Why and how to use Terraform AWS modules
Anton Babenko

Learn about options developers have for managing infrastructure using Terraform. Expect plenty of demo code to show the benefits of using Terraform.

Kubernetes network policy with Cilium
Liz Rice

Kubernetes supports network policies for improving security of deployments by restricting the traffic allowed to flow between application microservices. Learn about the open source Cilium Kubernetes networking plugin, and how the Cilium Hubble interface helps you to create and debug effective network policies.

Cloud migration

Customers continue to accelerate their cloud migration journeys, and open source plays an important part. Learn about a couple of projects that can help.

AWS SaaS Boost: An open source tool for accelerating SaaS migration
Michael Beardsley

Moving solutions to a SaaS delivery can be daunting for organizations. The complexity and overhead of refactoring your solution, automating tenant on-boarding, introducing new operational tooling, and a host of other factors can make moving to SaaS challenging or impossible for some organizations. Learn about AWS SaaS Boost, the newly released open source tool that can help streamline your ability to move a monolith into a SaaS delivery model.

COBOL and AWS Lambda go together like … ? How to modernize your legacy COBOL applications by running them on AWS Lambda
Veliswa Boya

COBOL is still widely in use, whether you are a government agency or a local bank. An estimated 95% of ATM swipes utilize COBOL code. Lambda-cobol is an open source project that can help modernize legacy applications by running COBOL applications on the Lambda custom runtime, allowing you to run your mainframe in the cloud.

Emerging technology

Accelerate robot application development in ROS with AWS RoboMaker
Emilia Brzozowska

Enabling robots with machine learning capabilities is a critical change to be able to expand robots functionalities. Being able to enable robots with machine learning functionalities with the single API call can save development time and effort. In this session, attendees will learn about building intelligent robots without an ML team or expertise required, saving time and the energy needed to develop these functionalities from the scratch.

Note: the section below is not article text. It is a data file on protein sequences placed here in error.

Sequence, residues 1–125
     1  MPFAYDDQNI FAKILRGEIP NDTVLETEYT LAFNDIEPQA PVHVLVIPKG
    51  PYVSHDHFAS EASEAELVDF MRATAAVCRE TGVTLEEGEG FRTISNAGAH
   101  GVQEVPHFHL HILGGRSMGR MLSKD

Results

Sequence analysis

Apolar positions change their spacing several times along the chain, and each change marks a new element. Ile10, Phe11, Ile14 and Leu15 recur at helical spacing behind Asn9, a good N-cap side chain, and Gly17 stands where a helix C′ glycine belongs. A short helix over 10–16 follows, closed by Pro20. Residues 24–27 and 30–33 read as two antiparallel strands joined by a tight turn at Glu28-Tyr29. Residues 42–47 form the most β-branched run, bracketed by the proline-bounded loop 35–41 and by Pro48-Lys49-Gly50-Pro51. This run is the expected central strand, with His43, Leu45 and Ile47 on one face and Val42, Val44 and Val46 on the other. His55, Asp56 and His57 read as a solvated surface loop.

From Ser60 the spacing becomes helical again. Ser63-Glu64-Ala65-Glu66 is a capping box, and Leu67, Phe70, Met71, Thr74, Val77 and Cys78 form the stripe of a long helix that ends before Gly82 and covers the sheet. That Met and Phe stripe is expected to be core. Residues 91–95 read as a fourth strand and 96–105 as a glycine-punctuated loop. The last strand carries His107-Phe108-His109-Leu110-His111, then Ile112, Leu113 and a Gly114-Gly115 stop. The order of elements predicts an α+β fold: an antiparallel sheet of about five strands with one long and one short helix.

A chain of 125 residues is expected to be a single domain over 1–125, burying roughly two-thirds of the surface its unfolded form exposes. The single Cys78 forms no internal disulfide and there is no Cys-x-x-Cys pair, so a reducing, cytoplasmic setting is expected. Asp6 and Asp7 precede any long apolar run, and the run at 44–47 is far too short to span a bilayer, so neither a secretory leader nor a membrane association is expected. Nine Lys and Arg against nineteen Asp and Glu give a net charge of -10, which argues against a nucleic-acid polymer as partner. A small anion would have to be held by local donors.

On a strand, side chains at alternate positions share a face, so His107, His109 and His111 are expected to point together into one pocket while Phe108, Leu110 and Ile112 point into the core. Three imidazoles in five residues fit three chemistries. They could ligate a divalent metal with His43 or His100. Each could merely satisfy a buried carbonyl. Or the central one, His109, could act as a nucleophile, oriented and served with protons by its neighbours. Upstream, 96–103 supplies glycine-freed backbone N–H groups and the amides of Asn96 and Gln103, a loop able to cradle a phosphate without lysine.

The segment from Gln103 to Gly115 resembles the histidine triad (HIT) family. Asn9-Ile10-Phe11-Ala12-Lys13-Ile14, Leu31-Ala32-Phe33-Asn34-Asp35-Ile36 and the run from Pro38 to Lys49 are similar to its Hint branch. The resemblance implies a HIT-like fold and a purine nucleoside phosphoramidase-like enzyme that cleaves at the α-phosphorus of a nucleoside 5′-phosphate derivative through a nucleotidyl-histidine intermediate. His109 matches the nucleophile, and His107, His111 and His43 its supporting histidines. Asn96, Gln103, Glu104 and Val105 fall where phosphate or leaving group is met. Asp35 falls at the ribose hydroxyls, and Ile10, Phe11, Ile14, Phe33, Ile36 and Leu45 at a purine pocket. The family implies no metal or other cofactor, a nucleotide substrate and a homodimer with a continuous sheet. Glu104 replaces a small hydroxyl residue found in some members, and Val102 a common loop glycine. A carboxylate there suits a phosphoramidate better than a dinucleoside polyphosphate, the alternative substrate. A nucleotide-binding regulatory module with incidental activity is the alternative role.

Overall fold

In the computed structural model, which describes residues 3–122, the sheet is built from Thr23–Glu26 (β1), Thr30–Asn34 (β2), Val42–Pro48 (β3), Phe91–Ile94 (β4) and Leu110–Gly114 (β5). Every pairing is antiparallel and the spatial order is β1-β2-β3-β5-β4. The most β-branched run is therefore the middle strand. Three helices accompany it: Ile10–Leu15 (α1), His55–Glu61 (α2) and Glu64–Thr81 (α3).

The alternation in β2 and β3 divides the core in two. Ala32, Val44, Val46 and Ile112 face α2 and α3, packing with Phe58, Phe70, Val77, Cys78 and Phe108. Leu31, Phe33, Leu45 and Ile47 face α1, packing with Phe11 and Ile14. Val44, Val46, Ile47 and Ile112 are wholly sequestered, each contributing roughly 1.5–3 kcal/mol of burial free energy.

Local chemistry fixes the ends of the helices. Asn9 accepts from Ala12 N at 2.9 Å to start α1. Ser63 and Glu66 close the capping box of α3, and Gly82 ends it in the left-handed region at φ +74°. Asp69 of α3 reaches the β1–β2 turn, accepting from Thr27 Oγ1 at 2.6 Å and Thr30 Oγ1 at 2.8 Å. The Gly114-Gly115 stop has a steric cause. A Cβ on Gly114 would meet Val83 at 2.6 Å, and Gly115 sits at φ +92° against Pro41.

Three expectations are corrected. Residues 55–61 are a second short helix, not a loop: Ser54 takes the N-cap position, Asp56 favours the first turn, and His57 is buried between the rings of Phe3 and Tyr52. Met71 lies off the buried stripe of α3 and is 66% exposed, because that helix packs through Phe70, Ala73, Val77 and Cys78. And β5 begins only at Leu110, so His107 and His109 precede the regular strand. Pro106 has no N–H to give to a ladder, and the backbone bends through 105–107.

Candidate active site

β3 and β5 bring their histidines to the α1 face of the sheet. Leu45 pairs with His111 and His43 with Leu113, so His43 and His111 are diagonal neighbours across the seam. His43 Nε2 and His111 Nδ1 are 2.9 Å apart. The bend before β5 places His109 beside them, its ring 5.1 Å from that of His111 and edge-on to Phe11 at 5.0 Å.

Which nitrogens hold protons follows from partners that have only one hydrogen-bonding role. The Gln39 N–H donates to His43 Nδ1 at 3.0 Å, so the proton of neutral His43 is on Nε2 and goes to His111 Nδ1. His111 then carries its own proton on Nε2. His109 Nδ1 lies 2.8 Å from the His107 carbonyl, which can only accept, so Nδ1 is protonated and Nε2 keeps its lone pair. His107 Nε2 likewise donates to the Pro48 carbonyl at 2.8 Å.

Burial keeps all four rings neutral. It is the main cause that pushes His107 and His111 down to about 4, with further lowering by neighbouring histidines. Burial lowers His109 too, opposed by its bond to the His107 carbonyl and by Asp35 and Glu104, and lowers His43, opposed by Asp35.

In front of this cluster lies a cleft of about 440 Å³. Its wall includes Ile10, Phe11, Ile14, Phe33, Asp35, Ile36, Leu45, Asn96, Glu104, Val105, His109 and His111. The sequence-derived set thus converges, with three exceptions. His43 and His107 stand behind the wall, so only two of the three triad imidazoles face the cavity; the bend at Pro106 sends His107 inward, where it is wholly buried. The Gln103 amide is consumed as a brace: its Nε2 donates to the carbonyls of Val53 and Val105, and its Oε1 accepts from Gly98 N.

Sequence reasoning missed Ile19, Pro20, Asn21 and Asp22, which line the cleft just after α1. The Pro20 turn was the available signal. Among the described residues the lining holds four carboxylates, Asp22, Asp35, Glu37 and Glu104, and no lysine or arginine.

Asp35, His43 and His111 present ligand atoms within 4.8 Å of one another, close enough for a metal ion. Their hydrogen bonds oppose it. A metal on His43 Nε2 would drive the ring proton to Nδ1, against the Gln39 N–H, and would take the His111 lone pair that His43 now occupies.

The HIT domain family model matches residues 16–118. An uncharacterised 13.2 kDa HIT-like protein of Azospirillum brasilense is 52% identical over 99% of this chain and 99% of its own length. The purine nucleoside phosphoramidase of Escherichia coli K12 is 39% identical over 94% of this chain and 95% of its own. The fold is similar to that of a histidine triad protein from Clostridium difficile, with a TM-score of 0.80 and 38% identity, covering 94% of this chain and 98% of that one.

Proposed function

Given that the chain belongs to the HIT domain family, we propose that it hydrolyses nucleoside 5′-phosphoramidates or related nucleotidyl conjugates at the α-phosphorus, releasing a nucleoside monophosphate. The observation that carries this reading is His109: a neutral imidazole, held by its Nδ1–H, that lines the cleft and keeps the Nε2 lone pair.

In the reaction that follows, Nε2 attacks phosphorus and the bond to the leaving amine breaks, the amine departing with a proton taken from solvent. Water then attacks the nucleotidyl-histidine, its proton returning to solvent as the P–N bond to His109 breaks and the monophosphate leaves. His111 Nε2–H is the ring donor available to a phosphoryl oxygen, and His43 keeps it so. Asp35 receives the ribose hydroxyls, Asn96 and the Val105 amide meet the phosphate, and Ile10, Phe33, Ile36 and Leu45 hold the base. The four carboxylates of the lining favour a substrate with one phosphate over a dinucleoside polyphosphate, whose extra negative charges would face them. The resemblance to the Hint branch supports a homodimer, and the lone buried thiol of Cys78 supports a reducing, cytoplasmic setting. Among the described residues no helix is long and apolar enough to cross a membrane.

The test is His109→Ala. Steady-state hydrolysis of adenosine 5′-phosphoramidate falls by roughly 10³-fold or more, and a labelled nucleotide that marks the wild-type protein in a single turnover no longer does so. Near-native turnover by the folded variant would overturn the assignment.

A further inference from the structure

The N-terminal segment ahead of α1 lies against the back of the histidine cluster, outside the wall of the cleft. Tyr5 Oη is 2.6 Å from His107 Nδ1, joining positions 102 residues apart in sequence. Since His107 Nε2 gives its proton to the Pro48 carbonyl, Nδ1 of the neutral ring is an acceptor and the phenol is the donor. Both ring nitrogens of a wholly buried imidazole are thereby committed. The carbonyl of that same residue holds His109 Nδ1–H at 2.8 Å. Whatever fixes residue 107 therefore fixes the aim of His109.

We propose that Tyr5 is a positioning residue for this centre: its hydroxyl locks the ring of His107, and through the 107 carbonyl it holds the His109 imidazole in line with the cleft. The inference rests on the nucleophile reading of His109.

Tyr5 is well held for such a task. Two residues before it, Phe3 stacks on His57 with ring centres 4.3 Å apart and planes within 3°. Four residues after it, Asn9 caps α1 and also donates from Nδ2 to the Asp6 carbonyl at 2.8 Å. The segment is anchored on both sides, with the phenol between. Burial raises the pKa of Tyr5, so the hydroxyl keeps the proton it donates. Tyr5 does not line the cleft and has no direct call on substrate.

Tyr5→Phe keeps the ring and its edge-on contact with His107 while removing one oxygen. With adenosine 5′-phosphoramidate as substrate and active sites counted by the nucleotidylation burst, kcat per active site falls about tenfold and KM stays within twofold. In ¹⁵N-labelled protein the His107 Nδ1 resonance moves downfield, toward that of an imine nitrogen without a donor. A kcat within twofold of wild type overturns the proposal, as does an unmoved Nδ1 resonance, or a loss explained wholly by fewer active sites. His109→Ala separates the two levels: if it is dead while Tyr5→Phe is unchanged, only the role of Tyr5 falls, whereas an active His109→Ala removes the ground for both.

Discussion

Connected data with Apache TinkerPop and Amazon Neptune
Stephen Mallette

Apache TinkerPop is an open source graph processing framework that includes the graph query language called Gremlin. Customers are using Apache TinkerPop to build applications such as knowledge graphs, identity graphs, or fraud graphs. In these cases and others, developers need the ability to leverage connections within the data to discover and communicate insight. Navigating these types of connected data problems is what graph databases like Amazon Neptune and query languages like Gremlin are designed to handle. Attendees will learn how graphs and TinkerPop can solve these problems, and how graphs solve other common problems such as data lineage management and IT risk/compliance mitigation for AWS accounts.

Register now

Open@Amazon will be streamed live on Twitch on June 16th, 9:00 AM – 5:00 PM (ET), featuring plenty of code and demos. Moderators will be available to help attendees ask speakers questions about their sessions.

RSVP now to view the agenda and add sessions to your calendar.

Ricardo Sueiras

Ricardo Sueiras

Cloud Evangelist at AWS. Enjoy most things where technology, innovation and culture collide into sometimes brilliant outcomes. Passionate about diversity and education and helping to inspire the next generation of builders and inventors with Open Source.